I originally drafted this post for use on Valentine’s Day. But I’ve had my head buried in so many projects this year (beyond Jordan’s Journey) that the writing and research simply didn’t get done in time. Rather than wait until next year, I thought I would finish this and post it now. After all, every day is a day to celebrate love, not just Valentine’s Day, right?

When it comes to genealogy, I’ve often wondered about my ancestors… what were their romances like? How did couples court each other “back in the day?” In our age of speed dating and online matchmaking, things look pretty different for us than they did for our ancestors. Unfortunately, our research often doesn’t shed any light on these questions.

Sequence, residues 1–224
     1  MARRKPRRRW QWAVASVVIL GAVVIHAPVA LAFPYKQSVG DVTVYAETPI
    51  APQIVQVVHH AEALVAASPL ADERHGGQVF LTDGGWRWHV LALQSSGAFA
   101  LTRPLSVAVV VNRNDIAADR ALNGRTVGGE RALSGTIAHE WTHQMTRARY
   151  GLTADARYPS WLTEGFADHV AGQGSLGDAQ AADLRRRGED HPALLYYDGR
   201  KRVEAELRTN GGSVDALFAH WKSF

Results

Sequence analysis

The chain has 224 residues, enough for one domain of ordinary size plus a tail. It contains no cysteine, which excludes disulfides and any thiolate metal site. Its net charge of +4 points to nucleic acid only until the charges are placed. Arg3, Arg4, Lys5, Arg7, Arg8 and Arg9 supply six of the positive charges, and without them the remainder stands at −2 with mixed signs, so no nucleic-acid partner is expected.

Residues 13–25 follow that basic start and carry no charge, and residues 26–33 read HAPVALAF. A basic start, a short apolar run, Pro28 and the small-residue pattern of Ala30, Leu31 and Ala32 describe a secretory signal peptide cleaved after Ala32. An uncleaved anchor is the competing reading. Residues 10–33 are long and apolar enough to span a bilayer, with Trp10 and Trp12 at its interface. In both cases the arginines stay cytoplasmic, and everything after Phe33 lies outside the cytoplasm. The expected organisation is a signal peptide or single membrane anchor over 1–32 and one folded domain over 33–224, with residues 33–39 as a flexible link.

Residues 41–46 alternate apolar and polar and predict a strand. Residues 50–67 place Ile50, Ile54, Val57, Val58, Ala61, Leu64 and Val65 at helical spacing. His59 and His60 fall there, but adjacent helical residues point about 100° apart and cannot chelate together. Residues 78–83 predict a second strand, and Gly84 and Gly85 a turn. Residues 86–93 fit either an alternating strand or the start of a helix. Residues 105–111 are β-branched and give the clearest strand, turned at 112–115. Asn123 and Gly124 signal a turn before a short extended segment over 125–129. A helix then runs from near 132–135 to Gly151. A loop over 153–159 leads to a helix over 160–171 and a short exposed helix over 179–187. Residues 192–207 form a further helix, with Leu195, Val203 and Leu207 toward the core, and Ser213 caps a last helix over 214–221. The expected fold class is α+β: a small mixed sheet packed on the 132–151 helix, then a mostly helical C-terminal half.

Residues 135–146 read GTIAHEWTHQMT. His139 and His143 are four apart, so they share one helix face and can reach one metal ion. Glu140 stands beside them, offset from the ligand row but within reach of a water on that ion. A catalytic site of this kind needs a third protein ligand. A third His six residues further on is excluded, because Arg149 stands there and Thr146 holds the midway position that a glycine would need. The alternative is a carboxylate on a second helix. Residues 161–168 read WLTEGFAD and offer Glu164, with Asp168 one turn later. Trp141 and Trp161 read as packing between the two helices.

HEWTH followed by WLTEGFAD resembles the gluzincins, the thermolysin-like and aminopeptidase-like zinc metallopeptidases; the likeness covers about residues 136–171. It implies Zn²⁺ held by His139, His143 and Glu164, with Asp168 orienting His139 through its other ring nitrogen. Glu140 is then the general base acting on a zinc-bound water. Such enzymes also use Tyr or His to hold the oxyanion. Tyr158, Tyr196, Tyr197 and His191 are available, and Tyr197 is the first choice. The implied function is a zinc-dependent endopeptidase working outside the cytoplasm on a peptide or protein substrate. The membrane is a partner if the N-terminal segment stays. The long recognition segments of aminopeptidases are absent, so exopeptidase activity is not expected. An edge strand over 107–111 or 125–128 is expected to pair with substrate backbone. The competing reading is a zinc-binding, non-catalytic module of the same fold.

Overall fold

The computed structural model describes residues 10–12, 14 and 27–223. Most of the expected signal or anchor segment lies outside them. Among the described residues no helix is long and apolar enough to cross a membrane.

Or does it?

Studying the pages of old local newspapers gives us a few clues here…

News reports of social visits often foreshadowed marriages. An item in the Summerville News from 14 Jun 1893 notes, “T.H. [Thomas Henry] Scoggins spent last Sunday evening at B.F. Dunaways” (Grigsby). It’s such a simple sentence, and it’s funny to think it was newsworthy. But people back then were just as interested in each other’s going-ons as we are today. Why do you think Facebook is so popular?

Thomas Henry Scoggins was the son of Thomas Newton Scoggins and Evaline Clarissa Lawrence and the grandson of William Delaney Scoggins (my 3rd great-grandfather). Less than a year after spending Sunday with the Dunaways–no doubt courting B.F.’s daughter–Thomas Scoggins married Etna Dunaway on 3 Nov 1894. This romance ends in tragedy as Etna’s obituary marks her death on Christmas Day, 1895, leaving Thomas behind with an infant daughter (Grigsby).

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